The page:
4. Because he never began a church and died before the church of Christ had its beginning. John was a Jew. He was never a member of any church, Baptist or otherwise. He died before the church of Christ had its beginning. John came baptizing Jews to prepare them for the Christ. (John 1:19-34) He was sent only to Jews, not to Gentiles. (Luke 1:16-17; Matt. 3:1-12) Those who were baptized by John were taught to look forward to the coming of Christ and to believe on him. (Acts 19:1-5) John decreased in his work as Jesus increased in His. (John 3:30; 4:1-2) John was killed a short time later by Herod. (Matt. 14:1-12) Some months after John's death, Jesus promised to build the church. (Matt. 16:16-18) Jesus said that those who would be in this kingdom or church would be greater than John, because John was never in the church or kingdom. (Matt. 11:11) The church of Christ began on the first Pentecost following the resurrection of Christ. (Acts 2:1-4, 37-41, 47) Therefore John did not begin a church and was never a member of the church or kingdom of Christ. He died before the church began. Therefore he was not a Baptist, was not a member of a Baptist church, nor did he begin the Baptist church.

5. Because he is called "the" Baptist, not "a" Baptist. Thirty years after he was born, and after he began his work of preaching and baptizing Jews for the remission of sins, he was called "the Baptist." This means he was called "the Baptizer" or "the Immerser" because that is what he did. Jesus was called "the carpenter" because he worked in that trade, not because he was "a carpenter" religiously. A man may be called "Jack the painter" because he paints for a living. A man may be referred to as "Jack the machinist" because that is the work he does. So it was with John. He was never called "the Baptist' until he began his work of baptizing. If John proves anything (which it doesn't) it is that no one could be called "the Baptist" until he baptized someone. How many Baptist have ever baptized anyone? Therefore, unless they have baptized they have no right to be referred to even as "the Baptist" I am "Bill the Baptist" just like "John the Baptist" because I baptize people and that is what John did. That is why he was called "the Baptist." He was NEVER called "a Baptist" If so, where is the passage of scripture that says so?

So, John was not "a Baptist" but he was "the Baptist." and he was not called this until his work began which was baptizing Jews who believed on the coming Christ. John was the only one of his kind, for his work was temporary, was for Jews only, and taught people to look for the Christ. John was not "a Baptist."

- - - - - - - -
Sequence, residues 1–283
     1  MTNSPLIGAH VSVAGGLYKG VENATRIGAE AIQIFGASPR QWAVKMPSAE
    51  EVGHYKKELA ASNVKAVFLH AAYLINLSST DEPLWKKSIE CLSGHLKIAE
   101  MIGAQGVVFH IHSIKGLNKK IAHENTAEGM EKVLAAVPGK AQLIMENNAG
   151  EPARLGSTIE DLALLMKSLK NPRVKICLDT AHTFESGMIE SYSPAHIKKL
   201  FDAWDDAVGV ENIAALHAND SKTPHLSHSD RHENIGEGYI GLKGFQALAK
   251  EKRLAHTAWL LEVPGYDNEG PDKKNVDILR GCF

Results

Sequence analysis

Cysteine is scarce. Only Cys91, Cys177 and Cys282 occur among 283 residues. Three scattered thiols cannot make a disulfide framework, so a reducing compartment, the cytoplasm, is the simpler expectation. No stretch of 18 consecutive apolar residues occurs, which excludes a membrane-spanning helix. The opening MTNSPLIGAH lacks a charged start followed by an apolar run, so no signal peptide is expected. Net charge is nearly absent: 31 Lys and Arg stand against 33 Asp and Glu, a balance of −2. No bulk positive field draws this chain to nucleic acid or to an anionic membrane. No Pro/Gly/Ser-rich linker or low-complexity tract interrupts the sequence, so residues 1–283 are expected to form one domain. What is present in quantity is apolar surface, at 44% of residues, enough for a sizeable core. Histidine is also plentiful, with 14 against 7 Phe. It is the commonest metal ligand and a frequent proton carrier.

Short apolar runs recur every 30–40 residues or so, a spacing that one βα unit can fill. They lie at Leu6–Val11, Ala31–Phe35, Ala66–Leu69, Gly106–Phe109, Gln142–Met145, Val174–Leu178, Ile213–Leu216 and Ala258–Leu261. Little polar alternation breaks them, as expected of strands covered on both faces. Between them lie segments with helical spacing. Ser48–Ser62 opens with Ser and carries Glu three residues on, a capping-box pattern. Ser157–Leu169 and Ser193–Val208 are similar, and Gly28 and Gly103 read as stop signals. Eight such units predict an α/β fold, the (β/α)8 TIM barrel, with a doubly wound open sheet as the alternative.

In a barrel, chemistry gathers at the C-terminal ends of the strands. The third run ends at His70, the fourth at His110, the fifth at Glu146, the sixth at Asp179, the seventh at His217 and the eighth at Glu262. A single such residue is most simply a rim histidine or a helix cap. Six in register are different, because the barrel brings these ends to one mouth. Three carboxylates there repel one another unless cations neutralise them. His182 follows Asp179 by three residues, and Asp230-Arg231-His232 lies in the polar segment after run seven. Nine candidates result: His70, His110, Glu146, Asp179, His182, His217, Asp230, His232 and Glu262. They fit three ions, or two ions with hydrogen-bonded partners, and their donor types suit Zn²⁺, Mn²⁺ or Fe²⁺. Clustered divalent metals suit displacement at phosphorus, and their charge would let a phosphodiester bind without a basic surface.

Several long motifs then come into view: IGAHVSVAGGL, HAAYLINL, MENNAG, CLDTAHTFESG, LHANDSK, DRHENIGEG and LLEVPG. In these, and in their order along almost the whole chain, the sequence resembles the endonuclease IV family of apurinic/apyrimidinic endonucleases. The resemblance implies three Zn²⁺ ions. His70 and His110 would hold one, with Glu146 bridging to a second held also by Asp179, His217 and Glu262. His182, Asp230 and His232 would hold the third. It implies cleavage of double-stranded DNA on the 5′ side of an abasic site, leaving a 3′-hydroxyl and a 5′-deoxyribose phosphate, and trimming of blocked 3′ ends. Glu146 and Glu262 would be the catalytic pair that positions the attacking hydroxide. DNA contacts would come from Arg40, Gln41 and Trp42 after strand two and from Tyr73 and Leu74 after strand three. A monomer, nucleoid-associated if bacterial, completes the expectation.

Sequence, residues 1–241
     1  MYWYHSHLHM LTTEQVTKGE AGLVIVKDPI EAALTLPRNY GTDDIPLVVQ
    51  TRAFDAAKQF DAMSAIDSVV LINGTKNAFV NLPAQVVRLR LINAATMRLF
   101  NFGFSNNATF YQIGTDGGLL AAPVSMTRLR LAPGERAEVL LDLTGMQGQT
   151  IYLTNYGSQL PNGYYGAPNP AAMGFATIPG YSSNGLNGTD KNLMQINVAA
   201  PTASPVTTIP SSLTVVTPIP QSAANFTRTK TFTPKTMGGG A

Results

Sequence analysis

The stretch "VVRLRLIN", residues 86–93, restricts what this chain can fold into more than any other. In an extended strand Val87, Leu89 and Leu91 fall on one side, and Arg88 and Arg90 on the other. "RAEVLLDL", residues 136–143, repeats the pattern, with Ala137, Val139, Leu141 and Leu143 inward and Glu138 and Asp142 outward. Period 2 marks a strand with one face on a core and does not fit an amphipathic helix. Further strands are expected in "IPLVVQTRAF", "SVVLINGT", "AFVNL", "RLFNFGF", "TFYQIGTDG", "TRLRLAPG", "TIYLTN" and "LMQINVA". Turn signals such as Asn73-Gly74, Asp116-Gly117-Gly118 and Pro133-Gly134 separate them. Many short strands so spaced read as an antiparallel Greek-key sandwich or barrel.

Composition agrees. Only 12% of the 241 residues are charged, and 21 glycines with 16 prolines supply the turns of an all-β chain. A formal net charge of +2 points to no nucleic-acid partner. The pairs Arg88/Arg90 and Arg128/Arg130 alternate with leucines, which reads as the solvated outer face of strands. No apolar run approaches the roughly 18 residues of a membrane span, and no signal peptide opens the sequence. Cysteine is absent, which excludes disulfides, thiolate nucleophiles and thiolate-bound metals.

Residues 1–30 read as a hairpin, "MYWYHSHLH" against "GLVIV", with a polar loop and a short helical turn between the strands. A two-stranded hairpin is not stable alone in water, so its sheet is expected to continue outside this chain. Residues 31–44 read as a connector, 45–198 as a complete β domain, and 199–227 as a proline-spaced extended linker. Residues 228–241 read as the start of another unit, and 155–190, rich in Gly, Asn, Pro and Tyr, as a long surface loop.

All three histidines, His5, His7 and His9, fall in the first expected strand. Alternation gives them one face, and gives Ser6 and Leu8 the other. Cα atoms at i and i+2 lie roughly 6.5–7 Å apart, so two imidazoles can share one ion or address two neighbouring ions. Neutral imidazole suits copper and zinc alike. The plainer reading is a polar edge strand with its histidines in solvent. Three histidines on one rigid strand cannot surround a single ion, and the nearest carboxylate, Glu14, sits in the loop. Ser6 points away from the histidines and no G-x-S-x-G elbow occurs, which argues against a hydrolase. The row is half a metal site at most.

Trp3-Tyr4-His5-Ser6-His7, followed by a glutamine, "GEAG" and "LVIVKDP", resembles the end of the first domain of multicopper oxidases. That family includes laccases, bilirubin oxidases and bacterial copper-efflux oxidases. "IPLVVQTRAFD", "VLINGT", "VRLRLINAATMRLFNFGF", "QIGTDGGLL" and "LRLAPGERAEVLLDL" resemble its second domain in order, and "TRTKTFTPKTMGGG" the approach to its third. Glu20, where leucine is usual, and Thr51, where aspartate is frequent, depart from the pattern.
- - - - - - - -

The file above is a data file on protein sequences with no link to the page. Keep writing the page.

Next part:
But there are further considerations. The disciples of Jesus were never called "Baptist" but were called "Christians." You can read this in Acts 11:26, Acts 26:28, and 1 Peter 4:15-16. The man doesn't live who can find "Baptist," or "the Baptist church," or "a Baptist church" in the Bible.

Now a question naturally arises: If John was not a Baptist and the Baptist religion name did not come from him, and if the disciples of Jesus were never called Baptists, just where did the name come from and where did the Baptist church begin? The answers to this question may be found in the writings of Baptist scholars. Listen:

"The word Baptists, as a descriptive name of a body of people was first used in English literature, so far as is now known, in the year 1644." (Vedder's Short History of the Baptists, p. 3) "The first regularly organized Baptist church of which we possess any account is dated from 1607, and was formed in London by a Mr. Smyth, who had been a clergyman in the church of England." (Benedict's History of the Baptists, page 304) "Historically the modern Baptist movement dates from 1606 or 1607 when John Smyth with a small number of Separatists fled from England to Holland to escape persecution. In 1611 with Thomas Helwys and others, Smyth formed the first English Baptist church." (Winston's Cumulative Loose Leaf Encyclopedia, Article Baptists) These quotations could be endlessly multiplied but they show this: (1) John Smyth, not Jesus Christ and His apostles, began the Baptist church. (2) The Baptist movement had its beginning in London and Amsterdam, not in Jerusalem in Judea. (3) The Baptist movement began in 1606 to 1644, and not in A. D. 33. (4) These people were called "Baptists" because they baptized or immersed and were not called "Christians" after Jesus Christ.

With the facts of Bible teaching and church history before us, why would anyone want to be a Baptist? The Baptist church is a human church, begun by men, its doctrines are of men, and many of its doctrines are in direct contradiction to the word of God.

What should one do who is a Baptist? Such a one should renounce Baptist error and doctrine, be baptized into Christ for the remission of sins as the word of God teaches, wear the name "Christian" instead of Baptist serve and worship God according to the word of God, live faithfully, as a Christian, and be preparing to go to heaven as a child of God, a Christian, and a member of the church of Christ, the church that you read about in the New Testament.